THE SKULL (1965)

Patrick Wymark plays Marco, purveyor of some "very choice items" in this Amicus horror movie.

Playing Anthony Marco, Wymark moves up to second billing between Peter Cushing and guest star Christopher Lee. At this point in his career, Wymark had won a Royal Television Society award for his role of John Wilder in The Plane Makers , and was on the verge of taking Wilder forward into the first series of The Power Game. For an actor who relished change, the disreputable Marco must have seemed a welcome change of pace.

Writer Robert Bloch transformed Jack the Ripper into an “ageless pathological monster” , killing to top-up his charge of immortality,  in his 1943 tale, “Yours Truly,  Jack The Ripper”. So it should come as no surprise that in the 1945 Weird Tales story, “The Skull of the Marquis De Sade”, Bloch transformed the abusive, aristocratic pornographer, into an equally satanic menace.

Robert Bloch's reputation got a sensational boost from Alfred Hitchcock’s film of his novel Psycho. But it was more than name value that attracted film-makers Amicus to his work in 1964. Bloch’s short story provides the core of the movie and Subotsky's script expands the action in a manner that complements the original.The film would have been even more faithful if the UK film censor had not red-pencilled a torture sequence which was a direct reproduction of the 1943 short story (instead of being flogged, Peter Cushing’s lead character is forced to play Russian Roulette in the finished movie).

Bloch’s story is based on the historic fact that (rather like Oliver Cromwell) his skull was exhumed from his grave. Unlike Cromwell, De Sade's skull disappeared.  Bloch theorises that the Skull has been passed from hand to hand by private collectors like some cursed gem.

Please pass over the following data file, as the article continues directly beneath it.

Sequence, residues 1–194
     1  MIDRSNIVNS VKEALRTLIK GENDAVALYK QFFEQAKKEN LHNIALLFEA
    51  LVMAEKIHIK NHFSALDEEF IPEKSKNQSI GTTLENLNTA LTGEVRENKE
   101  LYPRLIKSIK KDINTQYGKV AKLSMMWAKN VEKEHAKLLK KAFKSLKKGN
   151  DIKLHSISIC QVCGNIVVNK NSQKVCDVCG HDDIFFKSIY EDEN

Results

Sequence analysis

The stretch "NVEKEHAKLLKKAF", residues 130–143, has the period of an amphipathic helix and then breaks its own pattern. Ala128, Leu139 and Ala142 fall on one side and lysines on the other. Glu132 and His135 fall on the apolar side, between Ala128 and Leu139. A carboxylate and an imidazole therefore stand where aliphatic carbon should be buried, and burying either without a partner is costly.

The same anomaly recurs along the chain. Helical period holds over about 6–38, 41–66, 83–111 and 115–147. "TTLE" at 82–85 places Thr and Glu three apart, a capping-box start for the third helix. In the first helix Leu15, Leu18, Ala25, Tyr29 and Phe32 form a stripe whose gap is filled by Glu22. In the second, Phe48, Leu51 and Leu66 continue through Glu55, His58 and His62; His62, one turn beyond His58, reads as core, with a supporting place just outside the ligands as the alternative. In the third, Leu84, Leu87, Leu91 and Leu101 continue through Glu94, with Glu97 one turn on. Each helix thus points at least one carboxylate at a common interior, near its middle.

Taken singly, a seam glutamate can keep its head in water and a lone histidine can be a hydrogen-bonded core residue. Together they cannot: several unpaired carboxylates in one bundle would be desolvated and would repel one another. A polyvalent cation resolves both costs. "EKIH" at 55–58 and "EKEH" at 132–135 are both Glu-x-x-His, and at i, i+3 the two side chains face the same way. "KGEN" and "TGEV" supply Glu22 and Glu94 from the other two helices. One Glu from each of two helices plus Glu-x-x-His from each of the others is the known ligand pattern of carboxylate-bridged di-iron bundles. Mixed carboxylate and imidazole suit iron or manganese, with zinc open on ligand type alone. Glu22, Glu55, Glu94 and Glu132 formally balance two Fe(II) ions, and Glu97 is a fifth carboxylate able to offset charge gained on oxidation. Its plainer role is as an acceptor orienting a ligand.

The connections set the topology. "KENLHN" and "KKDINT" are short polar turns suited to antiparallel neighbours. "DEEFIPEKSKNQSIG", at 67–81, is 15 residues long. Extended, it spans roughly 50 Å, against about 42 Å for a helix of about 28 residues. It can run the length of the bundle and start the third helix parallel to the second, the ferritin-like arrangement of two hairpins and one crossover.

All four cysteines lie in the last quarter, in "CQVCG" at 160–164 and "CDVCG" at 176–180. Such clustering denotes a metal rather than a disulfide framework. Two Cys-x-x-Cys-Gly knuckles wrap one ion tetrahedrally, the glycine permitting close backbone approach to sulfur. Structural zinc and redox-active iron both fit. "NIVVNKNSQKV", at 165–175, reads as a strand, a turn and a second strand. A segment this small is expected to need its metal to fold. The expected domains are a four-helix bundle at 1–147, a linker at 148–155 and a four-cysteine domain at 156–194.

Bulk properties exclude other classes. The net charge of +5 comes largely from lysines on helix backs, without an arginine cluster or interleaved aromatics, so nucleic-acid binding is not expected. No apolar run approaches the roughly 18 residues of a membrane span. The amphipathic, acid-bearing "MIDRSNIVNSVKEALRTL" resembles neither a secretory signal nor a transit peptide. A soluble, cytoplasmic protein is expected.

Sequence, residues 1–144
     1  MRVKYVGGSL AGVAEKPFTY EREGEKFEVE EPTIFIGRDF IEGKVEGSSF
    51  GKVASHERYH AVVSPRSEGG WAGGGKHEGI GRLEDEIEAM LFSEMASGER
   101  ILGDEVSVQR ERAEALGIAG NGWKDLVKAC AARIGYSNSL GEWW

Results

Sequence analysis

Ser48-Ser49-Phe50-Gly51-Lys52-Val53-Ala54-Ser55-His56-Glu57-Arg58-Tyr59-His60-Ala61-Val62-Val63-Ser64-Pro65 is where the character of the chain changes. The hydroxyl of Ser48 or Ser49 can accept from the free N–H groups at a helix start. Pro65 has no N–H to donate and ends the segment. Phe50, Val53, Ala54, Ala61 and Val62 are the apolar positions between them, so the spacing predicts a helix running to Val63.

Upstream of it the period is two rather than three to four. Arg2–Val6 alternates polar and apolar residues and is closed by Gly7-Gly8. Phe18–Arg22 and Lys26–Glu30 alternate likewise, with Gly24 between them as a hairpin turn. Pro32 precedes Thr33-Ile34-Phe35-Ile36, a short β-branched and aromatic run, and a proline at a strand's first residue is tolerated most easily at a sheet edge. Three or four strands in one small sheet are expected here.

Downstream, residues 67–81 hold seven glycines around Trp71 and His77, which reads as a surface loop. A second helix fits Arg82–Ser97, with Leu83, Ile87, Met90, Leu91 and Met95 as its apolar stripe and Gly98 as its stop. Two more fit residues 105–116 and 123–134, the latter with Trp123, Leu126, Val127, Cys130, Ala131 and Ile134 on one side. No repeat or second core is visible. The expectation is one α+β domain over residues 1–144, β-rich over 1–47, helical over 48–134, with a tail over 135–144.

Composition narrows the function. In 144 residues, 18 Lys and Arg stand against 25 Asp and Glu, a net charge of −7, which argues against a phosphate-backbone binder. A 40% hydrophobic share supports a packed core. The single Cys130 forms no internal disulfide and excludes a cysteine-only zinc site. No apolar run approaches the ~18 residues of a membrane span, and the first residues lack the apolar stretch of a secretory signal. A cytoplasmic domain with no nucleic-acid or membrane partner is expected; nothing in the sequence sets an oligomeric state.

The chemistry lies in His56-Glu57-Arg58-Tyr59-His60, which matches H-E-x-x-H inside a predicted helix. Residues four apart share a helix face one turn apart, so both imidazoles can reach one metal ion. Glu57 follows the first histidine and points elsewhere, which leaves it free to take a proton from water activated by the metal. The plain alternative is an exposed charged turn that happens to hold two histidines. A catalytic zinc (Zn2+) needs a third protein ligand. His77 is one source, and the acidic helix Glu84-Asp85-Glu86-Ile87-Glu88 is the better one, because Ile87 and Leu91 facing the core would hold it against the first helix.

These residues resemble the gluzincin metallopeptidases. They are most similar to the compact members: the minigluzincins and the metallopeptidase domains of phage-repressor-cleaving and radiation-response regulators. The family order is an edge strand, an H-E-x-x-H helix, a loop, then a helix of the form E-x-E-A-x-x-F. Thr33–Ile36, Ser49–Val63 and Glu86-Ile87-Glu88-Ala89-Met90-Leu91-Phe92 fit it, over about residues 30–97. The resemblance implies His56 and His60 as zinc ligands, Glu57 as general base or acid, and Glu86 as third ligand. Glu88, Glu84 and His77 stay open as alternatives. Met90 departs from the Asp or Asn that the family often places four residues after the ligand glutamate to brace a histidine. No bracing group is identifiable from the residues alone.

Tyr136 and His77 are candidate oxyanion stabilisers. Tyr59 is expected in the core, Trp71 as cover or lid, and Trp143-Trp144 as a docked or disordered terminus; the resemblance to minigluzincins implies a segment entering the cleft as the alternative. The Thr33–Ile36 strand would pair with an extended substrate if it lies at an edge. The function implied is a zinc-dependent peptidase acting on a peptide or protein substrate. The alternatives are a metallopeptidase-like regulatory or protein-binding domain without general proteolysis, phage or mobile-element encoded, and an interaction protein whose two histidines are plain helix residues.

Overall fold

There is an entertaining controversy around the success of the movie. Director Freddie Francis alleged that producer Milton Subotsky’s script came up 40 minutes short,   implying that the script was incomplete and Francis had to make up the running time with improvised and extended silent sequences. Subotsky hit back, claiming that he had to put together the climax in the editing suite using bits and pieces of film that had been shot for other purposes. A a copy of the screenplay unearthed by Peter Cushing blog, suggests that Subotsky delivered a complete script, albeit one in which the dream sequences would have been considerably shorter if filmed in the way described on the page. Whatever the genesis, The Skull, more than most horror movies, relies on the creation of mood and unsettling imaginative sequences. 

In the movie, Peter Cushing plays  Maitland, a collector of occult memorabilia. Patrick Wymark plays Marco, a dealer in antiquities who has supplied Cushing's Christopher Maitland with occult items such as "a hand of glory stolen from a graveyard in Mainz" and who brings Cushing' a history of the Marquis De Sade bound in human skin.   At first glance, Marco might seem to be a down-on-his-luck version of Wylie from The League of Gentlemen. However, this character has more undertones than the “wide boy” of the earlier film. A chameleon, Marco’s voice becomes rich and cultured as he relates the provenance of the Skull of the Marquis De Sade, but echoes the working class tones of Peter Woodthorpe’s prying caretaker when he assures him that the occult items in his own flat are “worth nothing at all.” Maitland’s wife (Jill Bennett) dislikes Marco and is reluctant to let him enter the house (in Bloch’s story it is Maitland’s butler who refers to Marco with an, “almost grotesque expression of distaste). In the original story, Bloch describes Marco as “fat, greasily so; his flesh lumped like the tallow coagulating about the stump of a guttering candle.” Wymark characterises the indulgent Marco in the opening auction sequence with a little bit of business with some snuff – a small touch which allows him to hold attention between terror titans Peter Cushing and Christopher Lee.